MTA Squabbling + Poor Management = Years of Delays and Nearly $2 Billion Over Budget on Mega-Projects

The MTA's proposing to widen all sidewalks to at least seven feet.

MTA Inspector General Barry Kluger is looking at why three of the agency's four big projects are behind schedule and over budget by nearly $2 billion. He said in a new report that squabbling at the agency is a big part of the problem.

Kluger says MTA project overseers clashed with an “independent engineering firm” -- it did not name the firm -- over who was in charge of monitoring mega-projects like the Second Avenue Subway. For example, the report shows MTA staff sometimes withheld information from the engineers. Other times, engineers filed reports without clear summaries or too technically dense to understand.

Three of those projects are now a total of $1.93 billion over budget and delayed by two-and-a-half to five years. That means subway riders and others must slog through construction zones while waiting for repeatedly delayed expanded service as taxpayers rack up greater and greater debt.

These “mega-projects have experienced well-publicized budget overruns and disruptive schedule delays that have seriously undermined public confidence in the MTA’s management,” the report said.

Two of the projects are already five years behind schedule: an extension of Long Island Railroad to Grand Central Terminal, now expected to be done by April 2018, and the first leg of the Second Avenue subway, now scheduled for completion in 2017. The Fulton Transit Center, with its projected finish in 2014, looks good by comparison. It’s only two-and-a-half years late.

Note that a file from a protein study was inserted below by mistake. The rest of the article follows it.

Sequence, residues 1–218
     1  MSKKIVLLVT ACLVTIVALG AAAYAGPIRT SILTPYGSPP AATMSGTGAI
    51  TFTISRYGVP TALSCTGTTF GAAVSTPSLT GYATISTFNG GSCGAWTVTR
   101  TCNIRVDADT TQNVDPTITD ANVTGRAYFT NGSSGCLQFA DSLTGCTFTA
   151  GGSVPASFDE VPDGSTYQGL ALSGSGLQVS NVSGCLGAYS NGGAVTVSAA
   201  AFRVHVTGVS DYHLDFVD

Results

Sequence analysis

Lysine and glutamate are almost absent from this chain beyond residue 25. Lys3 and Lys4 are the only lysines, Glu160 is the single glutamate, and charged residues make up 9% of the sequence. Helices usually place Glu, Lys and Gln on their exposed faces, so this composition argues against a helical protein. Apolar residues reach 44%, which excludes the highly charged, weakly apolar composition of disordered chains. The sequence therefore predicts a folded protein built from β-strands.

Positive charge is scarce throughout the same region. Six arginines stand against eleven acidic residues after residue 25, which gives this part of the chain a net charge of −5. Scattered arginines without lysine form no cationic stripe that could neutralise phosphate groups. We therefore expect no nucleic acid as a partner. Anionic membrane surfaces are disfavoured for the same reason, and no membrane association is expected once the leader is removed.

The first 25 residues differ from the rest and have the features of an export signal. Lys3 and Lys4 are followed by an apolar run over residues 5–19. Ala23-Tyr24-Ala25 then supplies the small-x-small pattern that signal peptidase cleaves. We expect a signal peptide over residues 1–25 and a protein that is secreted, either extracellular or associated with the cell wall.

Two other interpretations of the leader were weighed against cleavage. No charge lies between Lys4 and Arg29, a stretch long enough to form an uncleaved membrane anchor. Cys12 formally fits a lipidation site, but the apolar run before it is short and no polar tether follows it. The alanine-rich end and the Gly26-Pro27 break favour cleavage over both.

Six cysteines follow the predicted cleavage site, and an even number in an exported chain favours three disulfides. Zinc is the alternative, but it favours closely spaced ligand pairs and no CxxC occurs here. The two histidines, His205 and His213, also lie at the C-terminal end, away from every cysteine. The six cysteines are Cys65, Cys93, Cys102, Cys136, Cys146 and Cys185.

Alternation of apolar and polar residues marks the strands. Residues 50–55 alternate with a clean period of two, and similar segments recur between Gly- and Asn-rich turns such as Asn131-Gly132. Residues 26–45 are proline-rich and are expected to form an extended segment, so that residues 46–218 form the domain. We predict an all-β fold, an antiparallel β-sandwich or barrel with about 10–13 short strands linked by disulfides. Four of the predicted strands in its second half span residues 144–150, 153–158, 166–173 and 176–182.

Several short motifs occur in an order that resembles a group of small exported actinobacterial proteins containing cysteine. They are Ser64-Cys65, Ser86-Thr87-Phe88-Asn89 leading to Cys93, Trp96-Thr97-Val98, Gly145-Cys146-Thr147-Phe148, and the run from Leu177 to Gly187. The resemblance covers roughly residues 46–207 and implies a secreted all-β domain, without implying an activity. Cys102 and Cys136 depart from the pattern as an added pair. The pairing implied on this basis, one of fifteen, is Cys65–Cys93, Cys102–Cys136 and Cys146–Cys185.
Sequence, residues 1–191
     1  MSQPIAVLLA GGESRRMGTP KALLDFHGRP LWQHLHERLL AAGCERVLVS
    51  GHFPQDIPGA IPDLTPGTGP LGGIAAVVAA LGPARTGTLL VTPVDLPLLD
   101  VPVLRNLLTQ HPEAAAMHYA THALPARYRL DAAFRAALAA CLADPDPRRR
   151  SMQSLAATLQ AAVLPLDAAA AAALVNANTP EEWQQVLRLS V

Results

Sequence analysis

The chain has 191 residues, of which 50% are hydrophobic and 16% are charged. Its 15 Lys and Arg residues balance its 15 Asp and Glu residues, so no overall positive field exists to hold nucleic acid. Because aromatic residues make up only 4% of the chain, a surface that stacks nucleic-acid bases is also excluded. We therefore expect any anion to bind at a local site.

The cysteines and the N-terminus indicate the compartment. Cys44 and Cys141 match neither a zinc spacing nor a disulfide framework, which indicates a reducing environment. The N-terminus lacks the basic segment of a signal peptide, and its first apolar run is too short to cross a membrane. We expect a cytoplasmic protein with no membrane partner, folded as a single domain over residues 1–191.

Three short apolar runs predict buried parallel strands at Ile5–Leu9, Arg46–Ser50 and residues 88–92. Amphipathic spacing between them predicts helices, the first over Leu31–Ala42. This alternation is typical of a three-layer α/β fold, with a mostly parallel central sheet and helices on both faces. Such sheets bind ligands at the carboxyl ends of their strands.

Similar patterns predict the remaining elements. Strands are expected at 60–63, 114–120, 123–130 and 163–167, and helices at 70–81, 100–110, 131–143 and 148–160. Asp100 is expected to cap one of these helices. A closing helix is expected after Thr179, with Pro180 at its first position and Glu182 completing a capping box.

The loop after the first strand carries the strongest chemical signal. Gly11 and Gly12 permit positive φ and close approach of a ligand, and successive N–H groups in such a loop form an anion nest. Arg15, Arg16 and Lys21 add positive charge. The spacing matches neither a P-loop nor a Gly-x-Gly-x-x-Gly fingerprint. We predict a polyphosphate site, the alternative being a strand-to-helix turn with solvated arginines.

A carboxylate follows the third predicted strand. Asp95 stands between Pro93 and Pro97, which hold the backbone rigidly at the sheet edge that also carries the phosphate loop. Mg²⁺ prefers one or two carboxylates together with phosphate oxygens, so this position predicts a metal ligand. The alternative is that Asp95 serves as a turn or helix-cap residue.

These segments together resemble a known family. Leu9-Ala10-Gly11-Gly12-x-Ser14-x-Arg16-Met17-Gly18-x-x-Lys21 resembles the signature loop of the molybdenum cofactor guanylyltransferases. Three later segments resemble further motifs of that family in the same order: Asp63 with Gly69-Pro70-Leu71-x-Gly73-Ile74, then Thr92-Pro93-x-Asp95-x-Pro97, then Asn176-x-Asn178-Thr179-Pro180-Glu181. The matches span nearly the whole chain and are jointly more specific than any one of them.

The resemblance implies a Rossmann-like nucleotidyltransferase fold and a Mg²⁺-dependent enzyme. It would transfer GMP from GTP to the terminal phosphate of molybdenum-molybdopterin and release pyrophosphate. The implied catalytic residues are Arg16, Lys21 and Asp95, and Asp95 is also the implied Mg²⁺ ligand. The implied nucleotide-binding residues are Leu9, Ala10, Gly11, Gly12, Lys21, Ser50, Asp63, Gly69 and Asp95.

Only the 7 Train Extension, the last of the MTA’s four mega-projects, does not suffer from the same extreme degree of lateness and cost over-runs. The four projects have budgets totaling $15.32 billion.

At Kluger’s insistence, the MTA has separated the squabbling entities. The agency’s Office of Construction Oversight will now manage the independent engineer. The Office’s mandate is to bring about “less conflict and more effectiveness to the oversight process.”

Kluger said another problem was mega-projects bidding against each other for a limited number of highly specialized contractors, which drove up prices. He warned that this might soon happen again as each project goes shopping for contractors to install signal and communications systems.

The Inspector General said MTA Chairman Jay Walder has accepted the report’s findings and used them to tell the Office of Construction Oversight to get a firmer grip on spending and scheduling.